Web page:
|Guided tours:||self guided|
|Address:||Wendalinus Höhle, 66640 Namborn.|
|As far as we know this information was accurate when it was published (see years in brackets), but may have changed since then.
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Wendalinus Höhle (Wendalinus Cave) is a small cave that can be freely entered. Like the nearby town of St. Wendel, it is named after St. Wendel or Wendalinus. It is only 6 meters long, but given the rocks that predominate here, it is extraordinary that there is a cave here at all. It is a natural cave after all, not old mining. The cave is located on a long-distance hiking trail, is signposted, and is also often visited during pilgrimages. However, we would like to ask you to refrain from the bad habit of lighting the cave with candles. In fact, this is forbidden by the Nature Conservation Act, but this does not stop true believers. But keep in mind that it massively disturbs the inhabitants of the cave.
Saint Wendalinus, after leaving his native Ireland, lived for some time near Trier with a landowner.
This was a godless man who showed little charity.
Wendalinus tended his master's flock of sheep, and it became apparent that he was an extremely capable shepherd. Whereas previously the sheep had always given birth to one young, now twin births were the norm. Soon the flock had doubled in size. However, the envy of the other shepherds grew to the same extent. They reported to the landowner that Wendalinus would lead the herd to faraway places. And indeed, when the landowner returned from a forcible land seizure, he met Wendalinus in the area of today's St. Wendel. Immediately he reproached the shepherd for leading the sheep so far away from the farm. He wanted to slaughter one of the sheep in the evening, which he would now have to do without.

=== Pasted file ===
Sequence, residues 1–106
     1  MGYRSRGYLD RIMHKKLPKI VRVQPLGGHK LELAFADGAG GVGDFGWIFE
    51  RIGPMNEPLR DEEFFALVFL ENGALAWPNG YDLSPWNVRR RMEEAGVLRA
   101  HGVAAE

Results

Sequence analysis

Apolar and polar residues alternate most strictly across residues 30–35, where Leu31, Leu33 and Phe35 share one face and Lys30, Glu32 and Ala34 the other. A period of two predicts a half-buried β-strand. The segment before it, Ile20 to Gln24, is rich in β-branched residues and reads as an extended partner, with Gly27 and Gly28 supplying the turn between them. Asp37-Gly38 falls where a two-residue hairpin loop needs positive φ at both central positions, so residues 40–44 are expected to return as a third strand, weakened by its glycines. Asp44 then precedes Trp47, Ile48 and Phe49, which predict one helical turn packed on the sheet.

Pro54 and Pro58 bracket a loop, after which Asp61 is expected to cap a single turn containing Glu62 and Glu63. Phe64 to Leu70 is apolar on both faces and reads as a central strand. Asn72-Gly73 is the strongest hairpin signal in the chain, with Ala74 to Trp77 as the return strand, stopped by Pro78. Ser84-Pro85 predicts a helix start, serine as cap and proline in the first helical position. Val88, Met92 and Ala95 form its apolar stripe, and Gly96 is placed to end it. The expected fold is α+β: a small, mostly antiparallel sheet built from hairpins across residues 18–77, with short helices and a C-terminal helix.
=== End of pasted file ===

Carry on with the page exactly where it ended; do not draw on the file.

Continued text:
Wendalinus advised the lord of the manor to have more faith in God, because he would make it possible for the sheep to be back near Trier in the evening. But since it was a two-day walk to get there, the lord of the manor showed little faith. He drove his horse to the utmost haste, but when he reached his estate after the forced ride, Wendalinus was just moving with the flock to the farm. He had driven the sheep through this very cave in order to get to Trier in no time.
The lord of the manor was so impressed that he gave Wendalinus a piece of land on which he could build a hermitage. Today, the town of St. Wendel stands on this land.
According to another variant of the legend, St. Wendalinus miraculously led his master's flock of sheep from Baltersweiler to Tholey. A really nice variant of a cave legend of the type Far Connection Legend. In addition, there is the metaphysical component with the journey through a wormhole, or however one may interpret it. This probably also explains why speleologists who are not Christian Saints could not survey the connection.